Accuracy of fecal occult blood screening for colorectal neoplasia. A prospective study using Hemoccult and HemoQuant tests D. A. Ahlquist, H. S. Wieand, C. G. Moertel, D. B. McGill, C. L. Loprinzi, M. J. O'Connell, J. A. Mailliard, J. B. Gerstner, K. Pandya and R. D. Ellefson Division of Gastroenterology, Mayo Clinic, Rochester, MN 55905.
OBJECTIVES--To define the validity of fecal blood as a marker for colorectal neoplasia in the screening setting and to compare yields by Hemoccult and HemoQuant fecal occult blood screening tests. DESIGN--A multicenter masked comparison of fecal blood test results against structural colorectal evaluations and longitudinal follow-up, serving as criterion standards, in nonreferred subjects at risk for colorectal neoplasia. SETTING--Communities, primary care centers, referral centers. PARTICIPANTS--Two groups: (1) 1217 patients aged at least 18 years undergoing routine structural surveillance evaluations following curative resection of a colorectal tumor and (2) 12312 relatives of colorectal cancer patients aged at least 50 years. INTERVENTIONS--Blinded Hemoccult II and HemoQuant testing on three mailed-in stool samples per subject. MAIN OUTCOME MEASURE--Sensitivity of fecal blood tests for colorectal neoplasia. RESULTS--In the postresection group, surveillance evaluations revealed 46 malignant colorectal neoplasms and 402 polyps. At matched specificity, sensitivity of either test for cancer was 26% (95% confidence interval, 13% to 39%). Hemoccult was positive in 21% of intraluminal recurrences, 33% of all new primary tumors, and 29% of Dukes A or B cancers; HemoQuant was elevated in 24%, 28%, and 29%, respectively. Sensitivity for polyps 1.0 cm or larger was 13% by Hemoccult and 11% by HemoQuant. In the group of relatives, estimated sensitivity for cancer at 1 to 3 years of follow-up was 25% to 33% by Hemoccult, not significantly different from the 29% to 43% by HemoQuant. CONCLUSIONS--Based on our observations in the screening setting, fecal blood appears to be a poor marker for colorectal neoplasia. Most cancers and the vast majority of polyps will be missed. Hemoccult and HemoQuant are similarly insensitive.
ACS Updates Colorectal Screening Guidelines ACS Updates Screening Guidelines for Colorectal Cancer
Article date: 2001/02/14 An American Cancer Society (ACS) panel of experts recently concluded that two screening tests for colorectal cancer ? a fecal occult blood test and a flexible sigmoidoscopy ? are more effective than either test alone. But after discovering that too many patients would not or could not have both tests and were skipping the screening process altogether, the ACS updated its guidelines to make one thing perfectly clear: if you don?t get both tests, at least get one of them.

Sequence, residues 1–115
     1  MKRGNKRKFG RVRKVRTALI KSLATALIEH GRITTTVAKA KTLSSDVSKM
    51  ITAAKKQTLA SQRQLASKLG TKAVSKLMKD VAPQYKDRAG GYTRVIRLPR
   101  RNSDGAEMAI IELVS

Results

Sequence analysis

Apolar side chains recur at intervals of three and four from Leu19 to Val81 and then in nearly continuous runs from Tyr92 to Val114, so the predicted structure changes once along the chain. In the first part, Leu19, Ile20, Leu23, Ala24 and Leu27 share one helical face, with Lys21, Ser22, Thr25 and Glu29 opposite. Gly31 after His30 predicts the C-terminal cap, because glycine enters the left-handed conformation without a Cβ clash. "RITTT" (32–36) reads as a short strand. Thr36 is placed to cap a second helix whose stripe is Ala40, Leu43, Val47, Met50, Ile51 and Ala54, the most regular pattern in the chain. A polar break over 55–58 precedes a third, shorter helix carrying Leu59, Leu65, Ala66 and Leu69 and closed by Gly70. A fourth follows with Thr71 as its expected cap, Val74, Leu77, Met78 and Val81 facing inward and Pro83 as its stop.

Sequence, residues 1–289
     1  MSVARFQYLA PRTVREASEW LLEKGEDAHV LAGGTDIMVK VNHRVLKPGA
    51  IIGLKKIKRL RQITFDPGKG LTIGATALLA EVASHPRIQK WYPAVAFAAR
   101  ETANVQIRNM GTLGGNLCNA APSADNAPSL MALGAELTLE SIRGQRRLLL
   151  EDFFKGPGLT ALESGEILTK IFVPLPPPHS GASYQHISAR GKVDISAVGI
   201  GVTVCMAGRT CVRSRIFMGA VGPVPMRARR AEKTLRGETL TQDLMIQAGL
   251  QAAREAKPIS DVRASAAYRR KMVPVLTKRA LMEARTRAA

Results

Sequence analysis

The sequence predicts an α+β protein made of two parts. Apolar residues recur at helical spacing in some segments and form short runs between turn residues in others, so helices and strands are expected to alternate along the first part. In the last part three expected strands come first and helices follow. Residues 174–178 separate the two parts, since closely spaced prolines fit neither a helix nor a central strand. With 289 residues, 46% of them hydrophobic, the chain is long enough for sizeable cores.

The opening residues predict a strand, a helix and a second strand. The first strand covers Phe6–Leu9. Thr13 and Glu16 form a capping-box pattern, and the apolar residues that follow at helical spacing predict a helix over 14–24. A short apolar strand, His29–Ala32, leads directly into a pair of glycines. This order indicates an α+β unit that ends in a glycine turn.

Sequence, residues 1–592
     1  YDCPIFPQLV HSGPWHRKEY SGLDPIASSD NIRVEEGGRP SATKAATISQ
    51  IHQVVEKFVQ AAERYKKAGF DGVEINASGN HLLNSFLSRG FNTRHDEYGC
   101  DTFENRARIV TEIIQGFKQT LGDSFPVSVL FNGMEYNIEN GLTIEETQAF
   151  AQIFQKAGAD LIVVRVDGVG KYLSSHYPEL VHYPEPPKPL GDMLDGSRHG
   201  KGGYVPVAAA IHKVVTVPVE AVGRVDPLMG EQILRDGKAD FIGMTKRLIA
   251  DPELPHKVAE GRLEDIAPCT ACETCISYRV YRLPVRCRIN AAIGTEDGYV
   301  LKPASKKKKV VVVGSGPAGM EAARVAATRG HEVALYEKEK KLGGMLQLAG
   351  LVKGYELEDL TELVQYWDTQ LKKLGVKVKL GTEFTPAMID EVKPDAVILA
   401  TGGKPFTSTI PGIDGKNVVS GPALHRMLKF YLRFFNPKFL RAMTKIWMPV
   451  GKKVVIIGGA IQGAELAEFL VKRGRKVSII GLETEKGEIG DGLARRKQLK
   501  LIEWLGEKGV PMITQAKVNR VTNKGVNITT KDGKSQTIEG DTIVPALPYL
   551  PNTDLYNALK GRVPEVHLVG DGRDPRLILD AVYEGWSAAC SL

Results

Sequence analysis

"Many primary care physicians and others were telling us that they were not prepared to offer sigmoidoscopy," says Robert Smith, PhD, ACS Director of Screening and lead author of the new guidelines, which are published in the January/February 2001 issue of CA -- A Cancer Journal for Clinicians.
Smith says that this led to concern that the complexity of the double screening process was leading to inertia, and no screening at all was taking place.
"We know that fecal occult blood testing (FOBT) alone is effective," he says. "We know that flexible sigmoidoscopy alone is effective. We believe that the data show that the combined testing is more effective. But the most important thing that anyone, provider or patient, can do now is at least do something."
FOBT is an inexpensive, noninvasive test that checks a patient
Because compliance is so low for colonoscopy about 50% actually follow the guideline... and the expense of colonoscopy is another issue, so many can not afford it, remember you need to be drugged and then they are prepared to remove polyps and do pathology... very expensive. They need another screening technique for the masses. I think it needs to be compared more to the Fecal Occult blood screen that is recommended annually after 50 years old.